Kathryn Stockett’s The Help

February 23rd, 2010

While my husband is out of town, I’m making my way through my towering to-read pile.

The Help offers the recommended-reading-trifecta; it’s thought-provoking, witty, and surprising. Set in the deep South during the early 60’s, the book offers a glimpse into the extreme racial segregation of the time through the thoughts and observations of two black women hired as household help, and a white woman who comes to see the racial “lines” as oppressive and unfair. These women–although each facing their own difficulties and fears–all share in the risk of secretly journaling the experiences of the hired help.

Interestingly enough, Stockett has come under blame as a white woman telling a black woman’s story, complete with dialog written in a stereotypical, heavy dialect.

The last I remember of a controversy concerning dialect, the fingers were pointing at Harry Reid.

Or Mark Twain’s Huckleberry Finn.

In my opinion, After reading the book, I can only see the style as an inconsequential part of the whole, all of which points towards a valuable central theme: color is only skin deep. Or as one of the protagonist teaches her white employers’ little girl; the wrapper on a person is secondary to the candy found nestled inside.

In as much as the story delves into racial discrimination, it takes an honest look at the mistreatment and even hatred seen amongst members of like color. Stockett’s study of the white society ladies and their treatment of each other, their mothers and their club outcasts truly captures the utter ugliness of which women seem most capable. While on the other side of the city, in their own corner of the neighborhood, we’re shown the brutal beating of a black woman by her own husband. Through this tooth and nail, though, our three women trod faithfully forth, with a few hilarious acts of retaliation and rebellion.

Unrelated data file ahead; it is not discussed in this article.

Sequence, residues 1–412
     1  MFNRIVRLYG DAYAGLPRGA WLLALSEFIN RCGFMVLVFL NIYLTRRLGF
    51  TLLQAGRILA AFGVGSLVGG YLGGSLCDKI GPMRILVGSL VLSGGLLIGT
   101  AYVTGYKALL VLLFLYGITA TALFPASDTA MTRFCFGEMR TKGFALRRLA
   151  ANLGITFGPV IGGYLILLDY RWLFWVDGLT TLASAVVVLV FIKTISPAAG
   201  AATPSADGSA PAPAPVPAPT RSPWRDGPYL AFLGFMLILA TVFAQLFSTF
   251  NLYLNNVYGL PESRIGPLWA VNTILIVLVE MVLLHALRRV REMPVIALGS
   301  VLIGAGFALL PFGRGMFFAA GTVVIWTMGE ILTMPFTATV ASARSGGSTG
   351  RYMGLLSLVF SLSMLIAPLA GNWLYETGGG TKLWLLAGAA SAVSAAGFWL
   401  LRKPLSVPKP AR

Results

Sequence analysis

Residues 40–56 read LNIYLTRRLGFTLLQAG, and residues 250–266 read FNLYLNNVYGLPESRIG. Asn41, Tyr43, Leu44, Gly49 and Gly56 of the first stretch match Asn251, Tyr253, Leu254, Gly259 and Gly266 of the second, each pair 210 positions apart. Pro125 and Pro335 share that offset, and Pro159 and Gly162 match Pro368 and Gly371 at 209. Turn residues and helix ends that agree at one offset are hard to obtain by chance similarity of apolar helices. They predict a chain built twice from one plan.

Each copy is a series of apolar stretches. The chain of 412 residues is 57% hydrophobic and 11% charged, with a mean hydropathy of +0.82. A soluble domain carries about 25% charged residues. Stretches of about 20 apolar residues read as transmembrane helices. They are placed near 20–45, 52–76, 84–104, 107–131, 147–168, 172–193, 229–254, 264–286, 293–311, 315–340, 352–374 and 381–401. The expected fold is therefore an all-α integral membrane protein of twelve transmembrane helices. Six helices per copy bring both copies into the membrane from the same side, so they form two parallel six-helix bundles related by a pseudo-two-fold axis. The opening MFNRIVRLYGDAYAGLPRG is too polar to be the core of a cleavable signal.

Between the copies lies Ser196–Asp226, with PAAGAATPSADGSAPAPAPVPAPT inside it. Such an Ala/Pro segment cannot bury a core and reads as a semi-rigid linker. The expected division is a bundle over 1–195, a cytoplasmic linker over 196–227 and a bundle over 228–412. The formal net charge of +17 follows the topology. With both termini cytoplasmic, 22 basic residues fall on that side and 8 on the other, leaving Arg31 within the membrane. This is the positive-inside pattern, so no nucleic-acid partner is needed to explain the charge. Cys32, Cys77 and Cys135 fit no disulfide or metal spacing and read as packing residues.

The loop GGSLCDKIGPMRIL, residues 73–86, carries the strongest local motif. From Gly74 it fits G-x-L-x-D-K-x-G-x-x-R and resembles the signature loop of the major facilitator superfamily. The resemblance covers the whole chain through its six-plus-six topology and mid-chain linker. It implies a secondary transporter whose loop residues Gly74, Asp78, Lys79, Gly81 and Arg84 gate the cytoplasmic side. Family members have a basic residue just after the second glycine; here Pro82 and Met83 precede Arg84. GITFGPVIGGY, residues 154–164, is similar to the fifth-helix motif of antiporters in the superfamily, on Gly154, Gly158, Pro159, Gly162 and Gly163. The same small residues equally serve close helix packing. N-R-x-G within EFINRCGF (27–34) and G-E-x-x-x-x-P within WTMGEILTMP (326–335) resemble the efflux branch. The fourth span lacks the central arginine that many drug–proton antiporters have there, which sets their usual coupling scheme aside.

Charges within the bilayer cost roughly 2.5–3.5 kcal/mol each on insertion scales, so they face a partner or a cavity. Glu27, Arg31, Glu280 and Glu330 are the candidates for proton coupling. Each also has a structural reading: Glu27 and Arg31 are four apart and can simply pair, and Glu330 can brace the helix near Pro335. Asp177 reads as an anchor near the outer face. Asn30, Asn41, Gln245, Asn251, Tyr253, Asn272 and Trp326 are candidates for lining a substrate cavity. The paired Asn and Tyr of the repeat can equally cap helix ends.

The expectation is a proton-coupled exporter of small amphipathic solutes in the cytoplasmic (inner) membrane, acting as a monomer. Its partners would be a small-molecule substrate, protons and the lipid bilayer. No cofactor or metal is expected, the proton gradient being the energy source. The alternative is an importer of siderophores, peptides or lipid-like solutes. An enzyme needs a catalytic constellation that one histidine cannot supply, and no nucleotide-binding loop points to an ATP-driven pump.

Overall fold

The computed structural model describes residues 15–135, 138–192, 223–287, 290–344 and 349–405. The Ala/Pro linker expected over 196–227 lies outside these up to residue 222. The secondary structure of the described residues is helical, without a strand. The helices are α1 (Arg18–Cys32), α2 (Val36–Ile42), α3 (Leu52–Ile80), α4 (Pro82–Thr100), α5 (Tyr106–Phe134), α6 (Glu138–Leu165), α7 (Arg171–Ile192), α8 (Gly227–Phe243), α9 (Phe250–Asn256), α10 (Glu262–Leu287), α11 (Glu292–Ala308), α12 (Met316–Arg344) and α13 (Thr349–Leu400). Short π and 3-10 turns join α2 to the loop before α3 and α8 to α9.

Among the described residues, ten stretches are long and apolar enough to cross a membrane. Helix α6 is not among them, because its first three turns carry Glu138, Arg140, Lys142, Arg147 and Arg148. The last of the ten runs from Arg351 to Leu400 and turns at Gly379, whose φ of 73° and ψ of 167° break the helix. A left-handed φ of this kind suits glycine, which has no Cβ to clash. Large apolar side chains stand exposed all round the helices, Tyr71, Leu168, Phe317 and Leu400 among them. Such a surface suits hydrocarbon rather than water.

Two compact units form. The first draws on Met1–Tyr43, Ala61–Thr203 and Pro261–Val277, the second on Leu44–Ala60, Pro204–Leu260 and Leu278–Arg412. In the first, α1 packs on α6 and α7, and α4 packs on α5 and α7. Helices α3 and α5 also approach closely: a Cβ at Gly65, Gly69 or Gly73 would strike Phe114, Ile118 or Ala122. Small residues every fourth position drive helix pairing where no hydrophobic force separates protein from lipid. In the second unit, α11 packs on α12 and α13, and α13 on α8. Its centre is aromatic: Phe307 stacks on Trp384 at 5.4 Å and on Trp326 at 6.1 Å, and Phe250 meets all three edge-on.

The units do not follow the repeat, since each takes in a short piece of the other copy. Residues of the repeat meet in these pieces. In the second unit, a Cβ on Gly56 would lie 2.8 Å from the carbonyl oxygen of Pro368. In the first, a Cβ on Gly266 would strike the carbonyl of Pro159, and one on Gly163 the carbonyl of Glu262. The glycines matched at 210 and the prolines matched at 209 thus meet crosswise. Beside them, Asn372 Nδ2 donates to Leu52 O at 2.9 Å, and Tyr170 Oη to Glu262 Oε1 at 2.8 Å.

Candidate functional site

Similar in it’s themes to The Secret Life Of Bees, but heavier on exposing the more subtle emotional abuse and discrimination of racial segregation, The Help tells a serious and important story, but rounds it out with unforgettable humor and endearing personalities.

This book offers much to like, and is in my opinion, especially relished while putting off cleaning your own home.

Eby-Envy Rating: 4.5 of 5*

*How extremely envious Eby is for not writing this book herself

1 Comment
  • Nan-Envy Rating: 6 of 5*

    *How extremely envious Nan is for actually finishing a good book. I’m somewhere in the middle of about 5 right now.

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